A news service for the people of Michigan from the Mackinac Center for Public Policy

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Detroit Bailout Bill Leaves Taxpayers On The Hook For New Pension Underfunding

Committee version guts original pension reform bill; full House could vote today

Committee members: Rep. John Walsh, R-Livonia; Rep. Earl Poleski, R-Jackson; Rep. Michael McCready, R-Bloomfield Hills; Rep. Thomas Stallworth III, D-Detroit; and Rep. Harvey Santana, D-Detroit.

A Michigan House committee on Wednesday approved a package of bills that gives a partial bailout to Detroit and continues to allow the city the ability to rack up unfunded retiree liabilities.

An 11-bill package was recently proposed to deal with the Detroit bankruptcy situation. The focal point was an allocation of $195 million to the city, while the other legislation mostly dealt with protecting state taxpayers, citizens and public workers to prevent the fiscal situation from happening in the future. The bills were taken up by the “Detroit's Recovery and Michigan's Future" committee.

Initially, one of the bills, House Bill 5568, would have ended Detroit's defined benefit pension system and shifted new employees to a defined contribution, 401(k)-type plan. The city had been using overly optimistic assumptions and funding practices that contributed to the bankruptcy.

Because of the underfunding, retiree benefits were gobbling up 40 percent of Detroit's general fund budget and were projected to be 70 percent in 2023. Defined contribution plans cannot rack up unfunded liabilities.

But the bill was changed by the committee. The legislation that passed out of committee allows the city to leave open its pension plan and rack up liabilities in the future.

"The city may offer any retirement plan it wants," Committee Chairman Rep. John Walsh, R-Livonia, told The Detroit News.

House Bill 5568 now allows the city's Plan of Adjustment to set the terms until 2023. There have been several plans. The latest backs off Emergency Manager Kevyn Orr's initial push to close the defined benefit system. The plan also calls for more conservative funding assumptions and requires employees to shoulder some of the burden if the plan becomes underfunded.

While these terms limit some of the exposure to unfunded liabilities, the city retains the ability to continue to develop gaps between what officials set aside to pay for retirement and what employees are offered.

Rep. Greg MacMaster, R-Kewadin, said this "is not something I favor at all."

"The city is supposed to switch from a defined benefit to a defined contribution but [now] they have the ability to go back," Rep. MacMaster said. "For me, it opens the door for them to go back in the opposite direction which is kind of what got them to where they are now. ... I'm surprised that our leadership was even willing to consider moving in that direction."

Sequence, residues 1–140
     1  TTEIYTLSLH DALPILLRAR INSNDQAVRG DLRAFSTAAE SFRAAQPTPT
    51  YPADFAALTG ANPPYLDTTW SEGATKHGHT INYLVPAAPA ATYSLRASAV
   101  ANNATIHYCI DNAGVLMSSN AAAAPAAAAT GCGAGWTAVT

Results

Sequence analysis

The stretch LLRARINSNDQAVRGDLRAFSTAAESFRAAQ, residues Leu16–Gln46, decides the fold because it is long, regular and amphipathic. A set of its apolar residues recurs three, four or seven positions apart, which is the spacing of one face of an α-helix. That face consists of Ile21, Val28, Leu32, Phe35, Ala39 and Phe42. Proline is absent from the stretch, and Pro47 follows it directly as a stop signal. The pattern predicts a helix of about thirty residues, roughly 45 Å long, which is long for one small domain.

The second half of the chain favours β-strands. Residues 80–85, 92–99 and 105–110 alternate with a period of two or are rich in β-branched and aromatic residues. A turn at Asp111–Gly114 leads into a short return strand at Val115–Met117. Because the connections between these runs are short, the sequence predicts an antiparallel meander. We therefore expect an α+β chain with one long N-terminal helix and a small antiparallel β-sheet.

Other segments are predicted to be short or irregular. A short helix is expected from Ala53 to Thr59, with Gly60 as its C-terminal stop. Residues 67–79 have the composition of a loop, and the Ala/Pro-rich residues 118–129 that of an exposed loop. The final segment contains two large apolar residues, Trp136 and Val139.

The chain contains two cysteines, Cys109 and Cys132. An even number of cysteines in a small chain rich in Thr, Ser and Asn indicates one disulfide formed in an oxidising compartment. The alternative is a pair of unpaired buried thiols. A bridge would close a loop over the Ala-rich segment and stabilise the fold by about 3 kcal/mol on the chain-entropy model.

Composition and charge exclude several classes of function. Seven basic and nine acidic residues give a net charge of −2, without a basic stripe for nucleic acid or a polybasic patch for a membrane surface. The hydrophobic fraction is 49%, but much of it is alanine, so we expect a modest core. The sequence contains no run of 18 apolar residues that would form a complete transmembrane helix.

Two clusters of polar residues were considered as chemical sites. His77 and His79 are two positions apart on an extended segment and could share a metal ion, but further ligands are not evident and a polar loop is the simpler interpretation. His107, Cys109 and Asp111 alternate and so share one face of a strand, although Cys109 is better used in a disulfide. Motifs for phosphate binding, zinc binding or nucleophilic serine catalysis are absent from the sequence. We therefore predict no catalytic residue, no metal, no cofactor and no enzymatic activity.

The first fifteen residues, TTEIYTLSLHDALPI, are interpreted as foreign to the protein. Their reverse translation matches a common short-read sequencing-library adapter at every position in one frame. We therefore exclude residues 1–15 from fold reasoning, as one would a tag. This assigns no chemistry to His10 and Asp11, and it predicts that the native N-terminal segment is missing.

Ari Adler, communications director for Michigan House Speaker Jase Bolger, R-Marshall, said the bills will help turn the city around financially.

"Detroit will have a better balance sheet because of these reforms than it has in at least 50 years, and we have removed uncertainty for taxpayers," Adler said. "In addition, the financial review commission will have final approval authority on any collectively bargained retirement plan for the city of Detroit."

James Hohman, assistant director of fiscal policy at the Mackinac Center for Public Policy, said the state should not leave worker retirement money in the hands of politicians by not closing the system.

"Detroit is in bankruptcy court asking for concessions from pensioners because the city underfunded the pensions it promised its employees," Hohman said. "Are legislators going to prevent the city from being in this situation again or not? This bill says they will not."

The allocation of the money from state taxpayers without preventing Detroit from racking up more unfunded liabilities was passed by Rep. John Walsh, R-Livonia; Rep. Earl Poleski, R-Jackson; and Rep. Michael McCready, R-Bloomfield Hills. The Democrats on the committee, Rep. Thomas Stallworth III, D-Detroit and Rep. Harvey Santana, D-Detroit, abstained.

The bill now heads to the Michigan House for a full vote, which is scheduled to happen today.

Members of the House committee did not respond to requests for comment.

(Correction: The vote out of committee was reported Wednesday night as being unanimous. The Democrats on the committee abstained from voting. The story has been edited to properly reflect the vote.)

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See also:

The Detroit Bailout and Meaningful Pension Reform

How Michigan Can Fix Its Pension Problems

Pension Costs Mean Tighter Budgets For Classrooms, Taxpayers

Commentary: Shifting School Employees To a 401(k) Is the Most Important Thing

Teacher Pension System Hole Getting Deeper

St. Lawrence University economist Steven Horwitz discusses how the minimum wage was used to block immigrants from taking scarce jobs during the depression era. See more at "Raising the Minimum Wage, Lowering Opportunity."


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